Please use this identifier to cite or link to this item:
|Title:||Molecular force spectroscopy of homophilic nectin-1 interactions||Authors:||Vedula, S.R.K.
Single-molecule force spectroscopy
|Issue Date:||3-Nov-2007||Citation:||Vedula, S.R.K., Lim, T.S., Hui, S., Kausalya, P.J., Lane, E.B., Rajagopal, G., Hunziker, W., Lim, C.T. (2007-11-03). Molecular force spectroscopy of homophilic nectin-1 interactions. Biochemical and Biophysical Research Communications 362 (4) : 886-892. ScholarBank@NUS Repository. https://doi.org/10.1016/j.bbrc.2007.08.096||Abstract:||Nectins are Ca2+ independent cell adhesion molecules localizing at the cadherin based adherens junctions. In this study, we have used atomic force microscopy to study interaction of a chimera of extra cellular fragment of nectin-1 and Fc of human IgG (nef-1) with wild type L-fibroblasts that express endogenous nectin-1 to elucidate the biophysical characteristics of homophilic nectin-1 trans-interactions at the level of single molecule. Bond strength distribution revealed three distinct bound states (or configurations) of trans-interactions between paired nectins, where each bound state has a unique unstressed off-rate and reactive compliance. Kinetic analysis of force-dependent off-rate of the bound state involving trans-interacting V-V domains between paired nectin-1 (unstressed off-rate ∼1.465 ± 0.779 s-1, reactive compliance ∼0.143 ± 0.072 nm) was found to be closest to E-cadherin, indicating that V-V domain trans-interactions are probably necessary to initiate and promote adhesions of E-cadherin at adherens junctions (AJs). © 2007 Elsevier Inc. All rights reserved.||Source Title:||Biochemical and Biophysical Research Communications||URI:||http://scholarbank.nus.edu.sg/handle/10635/85433||ISSN:||0006291X||DOI:||10.1016/j.bbrc.2007.08.096|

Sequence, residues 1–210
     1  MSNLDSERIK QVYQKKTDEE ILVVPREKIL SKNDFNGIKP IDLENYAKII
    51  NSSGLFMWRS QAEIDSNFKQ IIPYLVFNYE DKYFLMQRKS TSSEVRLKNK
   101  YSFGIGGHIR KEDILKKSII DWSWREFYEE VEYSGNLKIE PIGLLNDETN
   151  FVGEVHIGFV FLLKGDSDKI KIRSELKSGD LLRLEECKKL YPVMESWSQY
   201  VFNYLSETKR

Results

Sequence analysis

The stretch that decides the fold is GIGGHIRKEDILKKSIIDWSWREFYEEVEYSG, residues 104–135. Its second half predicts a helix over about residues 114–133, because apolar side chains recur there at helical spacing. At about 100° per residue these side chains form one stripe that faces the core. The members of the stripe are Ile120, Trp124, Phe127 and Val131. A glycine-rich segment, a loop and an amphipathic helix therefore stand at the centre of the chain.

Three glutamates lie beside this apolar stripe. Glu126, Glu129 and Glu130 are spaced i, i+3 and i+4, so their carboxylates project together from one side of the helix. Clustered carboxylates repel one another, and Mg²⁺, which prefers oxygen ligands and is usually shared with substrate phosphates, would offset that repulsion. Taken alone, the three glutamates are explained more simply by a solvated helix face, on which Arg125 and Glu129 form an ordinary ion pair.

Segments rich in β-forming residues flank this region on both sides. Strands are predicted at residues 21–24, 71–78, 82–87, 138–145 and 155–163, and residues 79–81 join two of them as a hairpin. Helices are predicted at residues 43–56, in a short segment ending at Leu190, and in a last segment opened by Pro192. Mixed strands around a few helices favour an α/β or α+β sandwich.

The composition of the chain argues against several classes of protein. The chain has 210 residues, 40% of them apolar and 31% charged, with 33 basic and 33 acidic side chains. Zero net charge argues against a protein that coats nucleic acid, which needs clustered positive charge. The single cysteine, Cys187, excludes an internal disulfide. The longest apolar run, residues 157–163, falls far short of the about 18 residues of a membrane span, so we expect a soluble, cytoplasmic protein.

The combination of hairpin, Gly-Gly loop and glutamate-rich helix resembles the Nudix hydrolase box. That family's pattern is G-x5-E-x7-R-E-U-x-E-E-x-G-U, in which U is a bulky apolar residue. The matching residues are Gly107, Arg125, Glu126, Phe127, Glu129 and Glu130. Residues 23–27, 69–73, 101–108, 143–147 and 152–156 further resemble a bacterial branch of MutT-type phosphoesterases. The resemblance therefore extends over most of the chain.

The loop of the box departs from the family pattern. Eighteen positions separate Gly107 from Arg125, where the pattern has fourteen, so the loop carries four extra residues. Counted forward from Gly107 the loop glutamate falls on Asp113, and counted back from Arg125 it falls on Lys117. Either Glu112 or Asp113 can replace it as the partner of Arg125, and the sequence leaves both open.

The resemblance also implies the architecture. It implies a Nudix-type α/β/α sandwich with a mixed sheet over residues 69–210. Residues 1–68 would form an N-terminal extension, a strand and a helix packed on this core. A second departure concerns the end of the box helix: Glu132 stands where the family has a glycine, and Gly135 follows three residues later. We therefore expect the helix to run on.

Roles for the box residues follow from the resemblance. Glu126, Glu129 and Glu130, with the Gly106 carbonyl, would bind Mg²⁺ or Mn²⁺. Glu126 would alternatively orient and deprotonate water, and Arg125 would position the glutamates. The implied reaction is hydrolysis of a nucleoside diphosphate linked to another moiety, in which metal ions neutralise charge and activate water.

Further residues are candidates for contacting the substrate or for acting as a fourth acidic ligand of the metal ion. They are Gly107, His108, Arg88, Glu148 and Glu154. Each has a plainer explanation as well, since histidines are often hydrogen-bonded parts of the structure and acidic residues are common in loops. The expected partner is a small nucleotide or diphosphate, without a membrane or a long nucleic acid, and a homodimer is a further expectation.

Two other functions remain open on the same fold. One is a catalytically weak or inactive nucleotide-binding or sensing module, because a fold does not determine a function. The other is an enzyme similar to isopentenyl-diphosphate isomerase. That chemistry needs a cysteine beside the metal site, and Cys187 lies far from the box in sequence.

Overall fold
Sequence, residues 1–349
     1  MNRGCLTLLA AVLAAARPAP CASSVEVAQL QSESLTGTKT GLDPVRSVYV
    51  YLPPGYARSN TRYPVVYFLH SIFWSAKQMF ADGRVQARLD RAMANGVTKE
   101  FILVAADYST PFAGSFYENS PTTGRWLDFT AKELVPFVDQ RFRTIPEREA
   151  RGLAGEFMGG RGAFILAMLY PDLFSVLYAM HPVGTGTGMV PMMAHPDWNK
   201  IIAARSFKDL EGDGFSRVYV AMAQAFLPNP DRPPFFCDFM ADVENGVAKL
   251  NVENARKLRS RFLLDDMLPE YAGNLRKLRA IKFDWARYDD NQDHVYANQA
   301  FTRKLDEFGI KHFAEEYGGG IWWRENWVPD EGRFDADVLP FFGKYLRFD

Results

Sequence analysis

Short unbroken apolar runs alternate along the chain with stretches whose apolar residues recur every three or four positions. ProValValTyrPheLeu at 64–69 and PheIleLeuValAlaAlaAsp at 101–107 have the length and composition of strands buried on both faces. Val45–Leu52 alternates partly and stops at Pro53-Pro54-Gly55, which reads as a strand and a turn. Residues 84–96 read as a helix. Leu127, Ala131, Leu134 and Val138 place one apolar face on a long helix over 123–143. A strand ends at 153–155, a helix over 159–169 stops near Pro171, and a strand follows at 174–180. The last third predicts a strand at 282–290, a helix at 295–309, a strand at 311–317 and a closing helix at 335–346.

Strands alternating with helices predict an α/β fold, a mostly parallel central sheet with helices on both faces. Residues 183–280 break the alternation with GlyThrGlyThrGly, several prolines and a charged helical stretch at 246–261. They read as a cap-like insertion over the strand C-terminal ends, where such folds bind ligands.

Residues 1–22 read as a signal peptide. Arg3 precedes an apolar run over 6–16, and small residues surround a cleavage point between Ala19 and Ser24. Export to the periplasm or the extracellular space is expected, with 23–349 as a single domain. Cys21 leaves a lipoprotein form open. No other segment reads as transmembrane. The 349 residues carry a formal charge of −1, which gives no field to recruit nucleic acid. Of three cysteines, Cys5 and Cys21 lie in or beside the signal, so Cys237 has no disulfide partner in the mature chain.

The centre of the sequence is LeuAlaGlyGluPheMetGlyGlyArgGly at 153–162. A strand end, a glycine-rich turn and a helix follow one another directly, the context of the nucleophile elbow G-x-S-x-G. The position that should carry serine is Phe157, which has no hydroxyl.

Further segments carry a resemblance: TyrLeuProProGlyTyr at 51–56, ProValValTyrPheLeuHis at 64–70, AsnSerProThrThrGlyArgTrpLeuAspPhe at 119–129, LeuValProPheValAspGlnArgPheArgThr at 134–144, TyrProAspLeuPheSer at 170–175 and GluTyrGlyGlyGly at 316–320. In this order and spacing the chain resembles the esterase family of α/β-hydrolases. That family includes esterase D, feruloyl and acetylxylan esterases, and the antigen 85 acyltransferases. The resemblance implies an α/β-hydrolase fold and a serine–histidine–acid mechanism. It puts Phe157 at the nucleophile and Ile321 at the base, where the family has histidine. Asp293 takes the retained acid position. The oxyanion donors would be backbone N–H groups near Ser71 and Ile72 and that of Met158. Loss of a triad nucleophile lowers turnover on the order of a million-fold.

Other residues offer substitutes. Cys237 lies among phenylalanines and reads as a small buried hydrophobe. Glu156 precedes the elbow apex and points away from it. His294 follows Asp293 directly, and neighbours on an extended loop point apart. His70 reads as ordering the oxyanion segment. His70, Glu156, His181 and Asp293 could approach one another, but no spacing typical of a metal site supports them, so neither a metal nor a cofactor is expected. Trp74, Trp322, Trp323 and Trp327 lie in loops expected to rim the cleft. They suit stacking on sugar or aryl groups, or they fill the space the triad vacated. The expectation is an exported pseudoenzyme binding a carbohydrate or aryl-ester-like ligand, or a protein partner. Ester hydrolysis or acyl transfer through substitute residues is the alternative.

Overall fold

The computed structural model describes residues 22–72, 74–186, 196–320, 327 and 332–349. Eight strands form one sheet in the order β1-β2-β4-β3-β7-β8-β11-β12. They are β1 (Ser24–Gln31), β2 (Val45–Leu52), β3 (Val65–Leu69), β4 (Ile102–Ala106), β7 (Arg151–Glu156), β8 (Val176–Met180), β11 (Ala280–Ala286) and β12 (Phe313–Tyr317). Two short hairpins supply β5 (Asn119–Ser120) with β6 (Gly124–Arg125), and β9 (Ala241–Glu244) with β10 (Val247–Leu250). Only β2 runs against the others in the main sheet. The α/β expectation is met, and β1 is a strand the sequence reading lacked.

|Appears in Collections:||Staff Publications|
Show full item record
Files in This Item:
There are no files associated with this item.
checked on Feb 28, 2020
WEB OF SCIENCETM
checked on Feb 20, 2020
checked on Feb 29, 2020
Items in DSpace are protected by copyright, with all rights reserved, unless otherwise indicated.